Early intervention services can have an enormous impact on a child’s ability to meet developmental milestones. These services are provided not only for a child, but also so that their caregivers have the tools they need to create a healthy environment for their entire family. can help you keep track of medical records, interventional resources, and your child’s IFSP, as well as their progress. When it comes time for your child to start school, having this paperwork organized in one place will help you provide their school with everything they require in order to ensure the necessary continued supports.

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Health and Economic Costs of Dealing with Chronic Illness

September 1, 2023

While the diagnosis of a chronic illness is upsetting enough, the financial ramifications of needing ongoing care often hit the hardest. Medical issues account for two-thirds of all US bankruptcies, making them the number one reason people file; forty percent of people who are diagnosed with cancer are bankrupt within four years of their diagnosis. For those who are chronically ill, healthcare is the number three line item for budgeting, while it’s number 10 for healthy individuals.

The costs of living with a chronic illness is not limited to financial burdens though; a chronic illness can also lead to even more health and interpersonal issues. 

A Decline in Mental Well-Being

Health impairments can exacerbate existing mental health conditions, like depression, or cause new issues to arise, such as anxiety. Being diagnosed with an illness that’s incurable or being unsure about whether or not the symptoms will improve is going to cause an immense amount of stress in patients. People who feel ill often may also end up feeling guilty for not being able to fulfill their personal responsibilities and show up fully for their loved ones.These mental and physical chronic conditions can lead to harmful degrees of social isolation and perpetuate a cycle of declining overall health.

When considering the connection between physical and mental health, it has been shown that those who report feeling lonely suffer from higher rates of morbidity, infection, depression, and cognitive decline. Living with a chronic illness doesn’t have to equate to a lonely life though, and may even lead to more meaningful relationships, according to Caroyn Hax, an advice columnist for the Washington Post. In her response to a reader with multiple sclerosis, she stated “Although your illness will deter some potential companions, your ability to plan it into a full, rewarding and well-managed life will attract others — specifically those people who appreciate that circumstances change but character does not.”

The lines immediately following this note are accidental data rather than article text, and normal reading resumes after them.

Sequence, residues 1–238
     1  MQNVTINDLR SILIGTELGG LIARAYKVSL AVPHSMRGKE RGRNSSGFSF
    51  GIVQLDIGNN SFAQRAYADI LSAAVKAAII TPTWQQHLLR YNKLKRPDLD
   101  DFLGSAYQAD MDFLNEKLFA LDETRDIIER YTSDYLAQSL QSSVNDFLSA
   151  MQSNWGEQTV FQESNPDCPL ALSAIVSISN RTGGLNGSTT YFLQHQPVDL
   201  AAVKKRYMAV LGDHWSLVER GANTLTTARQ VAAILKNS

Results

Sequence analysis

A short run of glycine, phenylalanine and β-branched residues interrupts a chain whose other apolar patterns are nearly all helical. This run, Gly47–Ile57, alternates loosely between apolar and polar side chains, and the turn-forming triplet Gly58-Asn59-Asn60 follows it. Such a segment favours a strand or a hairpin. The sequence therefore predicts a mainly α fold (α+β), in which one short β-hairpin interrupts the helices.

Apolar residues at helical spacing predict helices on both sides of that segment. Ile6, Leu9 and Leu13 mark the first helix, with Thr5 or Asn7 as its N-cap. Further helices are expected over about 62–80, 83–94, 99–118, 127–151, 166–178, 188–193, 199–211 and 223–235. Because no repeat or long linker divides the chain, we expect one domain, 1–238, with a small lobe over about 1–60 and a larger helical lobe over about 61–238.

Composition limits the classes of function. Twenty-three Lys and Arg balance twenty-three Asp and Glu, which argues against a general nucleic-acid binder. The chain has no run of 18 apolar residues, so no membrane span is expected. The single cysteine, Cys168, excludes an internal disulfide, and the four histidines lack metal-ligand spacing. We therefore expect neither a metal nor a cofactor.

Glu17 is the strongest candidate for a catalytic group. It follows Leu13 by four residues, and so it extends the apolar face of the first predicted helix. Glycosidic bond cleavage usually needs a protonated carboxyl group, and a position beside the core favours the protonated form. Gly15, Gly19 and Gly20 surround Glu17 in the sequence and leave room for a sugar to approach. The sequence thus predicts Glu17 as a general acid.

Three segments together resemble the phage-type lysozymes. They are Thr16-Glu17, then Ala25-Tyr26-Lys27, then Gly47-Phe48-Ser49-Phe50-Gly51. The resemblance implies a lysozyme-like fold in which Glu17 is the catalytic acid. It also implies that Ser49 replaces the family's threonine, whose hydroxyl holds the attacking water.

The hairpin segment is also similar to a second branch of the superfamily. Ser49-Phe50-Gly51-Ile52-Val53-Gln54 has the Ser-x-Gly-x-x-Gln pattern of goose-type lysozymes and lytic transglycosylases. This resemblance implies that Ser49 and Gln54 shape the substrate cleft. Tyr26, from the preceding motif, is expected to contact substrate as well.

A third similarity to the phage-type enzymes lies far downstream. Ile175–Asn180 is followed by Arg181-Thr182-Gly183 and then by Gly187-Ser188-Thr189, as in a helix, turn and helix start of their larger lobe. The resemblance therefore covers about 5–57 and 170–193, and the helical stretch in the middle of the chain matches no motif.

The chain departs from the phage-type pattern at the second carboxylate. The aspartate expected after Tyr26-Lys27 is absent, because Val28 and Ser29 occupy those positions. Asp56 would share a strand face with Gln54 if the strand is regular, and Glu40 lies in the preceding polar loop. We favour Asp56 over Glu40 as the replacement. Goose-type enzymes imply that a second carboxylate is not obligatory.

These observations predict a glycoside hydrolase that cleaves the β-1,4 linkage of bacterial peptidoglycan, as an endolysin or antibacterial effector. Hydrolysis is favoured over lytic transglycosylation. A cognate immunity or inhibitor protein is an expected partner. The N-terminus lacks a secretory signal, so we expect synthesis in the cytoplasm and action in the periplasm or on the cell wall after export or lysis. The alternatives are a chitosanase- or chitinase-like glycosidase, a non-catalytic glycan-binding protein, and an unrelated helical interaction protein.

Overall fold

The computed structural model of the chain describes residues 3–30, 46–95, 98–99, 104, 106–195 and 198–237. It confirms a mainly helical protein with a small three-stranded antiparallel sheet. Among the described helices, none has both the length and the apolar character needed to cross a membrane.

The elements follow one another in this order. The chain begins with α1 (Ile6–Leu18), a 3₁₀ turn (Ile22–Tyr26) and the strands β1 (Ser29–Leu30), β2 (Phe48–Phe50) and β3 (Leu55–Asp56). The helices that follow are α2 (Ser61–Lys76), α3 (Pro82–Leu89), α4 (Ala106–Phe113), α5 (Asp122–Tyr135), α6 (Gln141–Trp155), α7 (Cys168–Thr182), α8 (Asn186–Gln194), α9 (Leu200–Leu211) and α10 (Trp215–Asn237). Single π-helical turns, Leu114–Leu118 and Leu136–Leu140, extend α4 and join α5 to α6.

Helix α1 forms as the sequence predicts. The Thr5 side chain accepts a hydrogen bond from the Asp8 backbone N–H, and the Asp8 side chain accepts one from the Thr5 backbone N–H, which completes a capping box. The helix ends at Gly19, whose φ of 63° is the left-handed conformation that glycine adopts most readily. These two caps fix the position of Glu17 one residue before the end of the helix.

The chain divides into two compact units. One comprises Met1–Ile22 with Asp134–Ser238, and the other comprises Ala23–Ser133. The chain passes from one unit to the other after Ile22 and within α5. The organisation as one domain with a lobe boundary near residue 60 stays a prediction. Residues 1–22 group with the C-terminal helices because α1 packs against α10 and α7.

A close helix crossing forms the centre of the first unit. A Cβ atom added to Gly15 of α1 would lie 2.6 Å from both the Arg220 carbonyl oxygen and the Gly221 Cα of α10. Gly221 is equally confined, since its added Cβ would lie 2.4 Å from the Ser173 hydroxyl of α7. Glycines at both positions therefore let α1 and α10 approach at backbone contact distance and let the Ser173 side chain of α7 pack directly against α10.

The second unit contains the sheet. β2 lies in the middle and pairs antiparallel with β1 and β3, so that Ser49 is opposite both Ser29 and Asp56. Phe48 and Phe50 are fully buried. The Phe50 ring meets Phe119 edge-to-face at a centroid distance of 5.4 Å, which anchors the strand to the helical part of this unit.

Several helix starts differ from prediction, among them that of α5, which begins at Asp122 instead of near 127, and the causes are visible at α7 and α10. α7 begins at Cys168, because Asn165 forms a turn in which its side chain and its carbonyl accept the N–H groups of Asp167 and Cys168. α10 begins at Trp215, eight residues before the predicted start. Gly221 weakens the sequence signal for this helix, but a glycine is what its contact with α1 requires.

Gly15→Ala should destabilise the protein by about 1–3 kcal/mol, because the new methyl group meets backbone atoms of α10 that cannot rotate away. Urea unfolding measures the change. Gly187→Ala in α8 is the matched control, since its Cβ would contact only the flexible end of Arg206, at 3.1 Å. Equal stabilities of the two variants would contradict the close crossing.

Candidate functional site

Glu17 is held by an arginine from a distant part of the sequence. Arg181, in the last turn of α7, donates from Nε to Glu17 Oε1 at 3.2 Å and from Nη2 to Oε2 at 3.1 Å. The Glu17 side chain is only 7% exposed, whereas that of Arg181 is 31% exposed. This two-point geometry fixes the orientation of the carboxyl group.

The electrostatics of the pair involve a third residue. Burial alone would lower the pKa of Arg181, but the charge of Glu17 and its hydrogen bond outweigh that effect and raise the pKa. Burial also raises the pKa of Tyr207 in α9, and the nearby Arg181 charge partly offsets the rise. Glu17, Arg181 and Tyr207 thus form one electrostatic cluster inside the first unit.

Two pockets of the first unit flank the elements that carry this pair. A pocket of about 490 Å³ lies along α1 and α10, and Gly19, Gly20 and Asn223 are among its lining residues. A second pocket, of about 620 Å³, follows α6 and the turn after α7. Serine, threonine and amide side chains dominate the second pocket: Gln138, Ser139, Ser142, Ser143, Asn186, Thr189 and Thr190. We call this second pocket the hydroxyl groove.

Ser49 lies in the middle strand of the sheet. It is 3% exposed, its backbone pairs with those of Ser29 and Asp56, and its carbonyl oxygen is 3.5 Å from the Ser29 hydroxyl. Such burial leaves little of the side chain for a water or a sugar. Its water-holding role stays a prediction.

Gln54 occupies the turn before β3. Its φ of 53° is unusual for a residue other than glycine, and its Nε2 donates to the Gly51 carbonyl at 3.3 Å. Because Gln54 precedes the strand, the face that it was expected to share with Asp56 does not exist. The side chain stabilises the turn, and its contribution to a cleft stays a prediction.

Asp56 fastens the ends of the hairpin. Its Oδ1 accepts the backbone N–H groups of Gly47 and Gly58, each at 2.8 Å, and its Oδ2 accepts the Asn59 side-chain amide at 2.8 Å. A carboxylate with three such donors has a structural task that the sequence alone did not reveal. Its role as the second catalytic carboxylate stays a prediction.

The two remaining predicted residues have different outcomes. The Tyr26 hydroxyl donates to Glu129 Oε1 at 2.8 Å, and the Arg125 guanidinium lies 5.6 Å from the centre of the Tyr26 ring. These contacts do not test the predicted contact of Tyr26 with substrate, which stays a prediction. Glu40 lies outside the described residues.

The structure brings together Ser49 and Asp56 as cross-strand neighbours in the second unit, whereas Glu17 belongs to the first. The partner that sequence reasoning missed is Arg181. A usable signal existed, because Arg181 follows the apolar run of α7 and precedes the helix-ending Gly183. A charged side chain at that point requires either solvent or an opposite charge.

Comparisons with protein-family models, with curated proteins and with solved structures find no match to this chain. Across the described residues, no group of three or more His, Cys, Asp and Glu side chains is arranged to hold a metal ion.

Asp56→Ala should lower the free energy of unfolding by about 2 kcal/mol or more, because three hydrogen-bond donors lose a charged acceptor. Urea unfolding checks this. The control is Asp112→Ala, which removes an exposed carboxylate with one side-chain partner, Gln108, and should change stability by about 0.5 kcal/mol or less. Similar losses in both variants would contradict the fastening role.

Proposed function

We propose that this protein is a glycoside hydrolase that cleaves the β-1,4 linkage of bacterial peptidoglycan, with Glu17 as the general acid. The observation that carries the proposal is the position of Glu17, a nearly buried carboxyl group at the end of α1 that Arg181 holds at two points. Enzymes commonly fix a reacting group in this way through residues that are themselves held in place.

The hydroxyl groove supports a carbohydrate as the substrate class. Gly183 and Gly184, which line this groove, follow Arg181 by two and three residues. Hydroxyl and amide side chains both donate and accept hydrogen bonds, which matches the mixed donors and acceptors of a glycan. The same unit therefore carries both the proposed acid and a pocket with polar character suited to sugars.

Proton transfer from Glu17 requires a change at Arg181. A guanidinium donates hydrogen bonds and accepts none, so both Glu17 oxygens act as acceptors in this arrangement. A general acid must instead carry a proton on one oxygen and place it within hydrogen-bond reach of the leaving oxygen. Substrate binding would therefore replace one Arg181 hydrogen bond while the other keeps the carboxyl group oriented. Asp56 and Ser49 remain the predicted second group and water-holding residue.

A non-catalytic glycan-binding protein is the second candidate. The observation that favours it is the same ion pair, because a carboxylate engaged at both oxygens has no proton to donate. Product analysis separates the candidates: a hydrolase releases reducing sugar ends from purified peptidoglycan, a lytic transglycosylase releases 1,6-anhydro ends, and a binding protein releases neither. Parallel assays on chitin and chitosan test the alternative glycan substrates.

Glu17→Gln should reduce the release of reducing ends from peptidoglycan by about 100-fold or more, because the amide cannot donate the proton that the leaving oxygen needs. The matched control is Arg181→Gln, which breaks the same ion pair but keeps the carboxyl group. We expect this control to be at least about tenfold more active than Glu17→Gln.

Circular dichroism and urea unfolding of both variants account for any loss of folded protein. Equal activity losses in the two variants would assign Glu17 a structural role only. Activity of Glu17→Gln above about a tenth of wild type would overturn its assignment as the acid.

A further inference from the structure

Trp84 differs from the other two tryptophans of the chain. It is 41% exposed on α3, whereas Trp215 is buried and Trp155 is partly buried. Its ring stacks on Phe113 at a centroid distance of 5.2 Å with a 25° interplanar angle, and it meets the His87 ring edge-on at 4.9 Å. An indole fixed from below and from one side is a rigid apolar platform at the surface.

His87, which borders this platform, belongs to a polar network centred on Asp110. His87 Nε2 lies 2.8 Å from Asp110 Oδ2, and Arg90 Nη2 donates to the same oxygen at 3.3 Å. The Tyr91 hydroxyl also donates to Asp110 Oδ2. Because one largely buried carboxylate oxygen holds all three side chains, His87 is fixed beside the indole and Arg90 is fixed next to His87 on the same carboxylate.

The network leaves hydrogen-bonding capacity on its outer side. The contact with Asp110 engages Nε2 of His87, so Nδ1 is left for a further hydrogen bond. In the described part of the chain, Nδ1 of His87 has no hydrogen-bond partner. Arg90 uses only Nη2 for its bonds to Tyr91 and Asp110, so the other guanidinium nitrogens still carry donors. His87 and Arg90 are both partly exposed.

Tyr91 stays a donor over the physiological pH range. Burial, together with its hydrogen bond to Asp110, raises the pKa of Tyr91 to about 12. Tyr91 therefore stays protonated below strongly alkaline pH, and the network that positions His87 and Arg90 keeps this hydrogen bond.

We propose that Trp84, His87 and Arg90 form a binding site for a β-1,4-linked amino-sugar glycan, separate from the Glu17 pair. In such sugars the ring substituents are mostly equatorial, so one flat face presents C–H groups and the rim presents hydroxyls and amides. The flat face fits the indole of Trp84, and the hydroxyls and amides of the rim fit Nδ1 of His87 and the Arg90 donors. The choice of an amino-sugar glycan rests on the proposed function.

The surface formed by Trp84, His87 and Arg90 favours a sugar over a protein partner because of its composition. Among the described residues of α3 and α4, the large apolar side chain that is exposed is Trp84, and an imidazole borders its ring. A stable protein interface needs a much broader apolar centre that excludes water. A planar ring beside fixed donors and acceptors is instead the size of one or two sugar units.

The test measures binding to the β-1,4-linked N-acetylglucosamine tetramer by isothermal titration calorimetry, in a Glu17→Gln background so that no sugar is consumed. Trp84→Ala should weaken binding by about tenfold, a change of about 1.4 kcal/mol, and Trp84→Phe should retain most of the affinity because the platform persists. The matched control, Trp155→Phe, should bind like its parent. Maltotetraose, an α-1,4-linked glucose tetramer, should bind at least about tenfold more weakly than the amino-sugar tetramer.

An Inability to Work and Losing Health Benefits

Many people suffering from chronic health issues may begin to find it difficult if not impossible to go to work consistently. Many people who deal with chronic health issues––such as Charlene Marshall who is a Pulmonary Fibrosis patient–– find it difficult if not impossible to go to work consistently. “Whether the fatigue I feel is from managing the disease or the disease progression, daily activities become exhausting and hard to manage,” she shares. Unfortunately, many people suffering from a chronic condition may begin to be viewed as unreliable by their supervisors, leading to termination, while others may need to resign as they find it impossible to keep working.

For many, losing their job also means losing their health benefits. Those who can no longer work may become reliant on spousal coverage or public assistance, which is likely why 99 percent of Medicare and 80 percent of Medicaid spending goes toward the treatment of chronic disease. Not only does the inability to work affect individuals and their families, but lower labor force participation rates affect society as a whole and are linked to slower economic growth, a higher dependency ratio, and higher tax rates.   

Straining Personal Relationships

The inability to work due to chronic illness can lead to financial strain on an individual’s entire family. Not only may family members need to help pay for care, but they may also need to take time from work to care for their loved ones who are undergoing treatment that makes them ill, need help with daily activities, or have just had a major surgery. Between new bills and extended care, the financial struggles of the chronically ill can spread easily to those who care for them most.

People who have a loved one that is suffering from a chronic health condition may also experience stress, concern, and an overwhelming sense of helplessness. Battling a chronic illness doesn’t always have to come with negative interpersonal effects though. Many people actually find that their relationships are strengthened through their health struggles. Marshall, for instance, shares that she is grateful for a strengthened social circle. “I’m blessed to have a network of great friends who support me despite IPF and who are always willing to listen.”  

How We Can All Fight Chronic Disease

By working together, we can help build up the next generation for a healthier life through education about the prevention of many chronic diseases. Eating well, regular exercise, and avoiding substance abuse are all behaviors that may reduce the risk of becoming chronically ill. On a societal level, we can address the underlying determinants of health, including one’s environment, education, and access to healthcare. For instance, since many chronic diseases, including cardiovascular disease, diabetes, and arthritis, are associated with poor diet and obesity, the FDA is currently working to make sure US eating patterns are meeting federal dietary guidelines.

If you or a loved one are struggling through a chronic illness, know that you are not alone. The CDC estimates that 6 in 10 adults living in the US have at least one chronic disease, while 4 in 10 suffer from at least two or more. can help you keep track of medical records, doctor’s appointments, financial planning, and other important documentation regarding your health and finances. Getting organized and keeping a plan are easy ways to get more peace of mind on your life’s journey through a chronic illness.